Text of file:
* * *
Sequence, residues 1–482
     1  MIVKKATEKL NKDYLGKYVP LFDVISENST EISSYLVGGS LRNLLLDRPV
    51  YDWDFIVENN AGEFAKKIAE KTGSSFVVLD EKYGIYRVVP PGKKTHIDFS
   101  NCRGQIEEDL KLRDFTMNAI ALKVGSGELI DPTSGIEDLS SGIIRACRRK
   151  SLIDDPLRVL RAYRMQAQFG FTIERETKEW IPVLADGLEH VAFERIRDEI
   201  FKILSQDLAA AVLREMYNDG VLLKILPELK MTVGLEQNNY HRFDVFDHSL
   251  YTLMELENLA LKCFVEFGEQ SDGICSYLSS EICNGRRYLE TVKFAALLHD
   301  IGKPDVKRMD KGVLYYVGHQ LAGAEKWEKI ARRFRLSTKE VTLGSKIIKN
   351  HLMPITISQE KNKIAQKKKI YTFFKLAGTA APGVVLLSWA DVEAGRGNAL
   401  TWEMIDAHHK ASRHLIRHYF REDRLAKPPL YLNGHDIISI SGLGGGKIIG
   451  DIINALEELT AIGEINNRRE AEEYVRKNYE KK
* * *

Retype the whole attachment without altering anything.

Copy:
Sequence, residues 1–482
     1  MIVKKATEKL NKDYLGKYVP LFDVISENST EISSYLVGGS LRNLLLDRPV
    51  YDWDFIVENN AGEFAKKIAE KTGSSFVVLD EKYGIYRVVP PGKKTHIDFS
   101  NCRGQIEEDL KLRDFTMNAI ALKVGSGELI DPTSGIEDLS SGIIRACRRK
   151  SLIDDPLRVL RAYRMQAQFG FTIERETKEW IPVLADGLEH VAFERIRDEI
   201  FKILSQDLAA AVLREMYNDG VLLKILPELK MTVGLEQNNY HRFDVFDHSL
   251  YTLMELENLA LKCFVEFGEQ SDGICSYLSS EICNGRRYLE TVKFAALLHD
   301  IGKPDVKRMD KGVLYYVGHQ LAGAEKWEKI ARRFRLSTKE VTLGSKIIKN
   351  HLMPITISQE KNKIAQKKKI YTFFKLAGTA APGVVLLSWA DVEAGRGNAL
   401  TWEMIDAHHK ASRHLIRHYF REDRLAKPPL YLNGHDIISI SGLGGGKIIG
   451  DIINALEELT AIGEINNRRE AEEYVRKNYE KK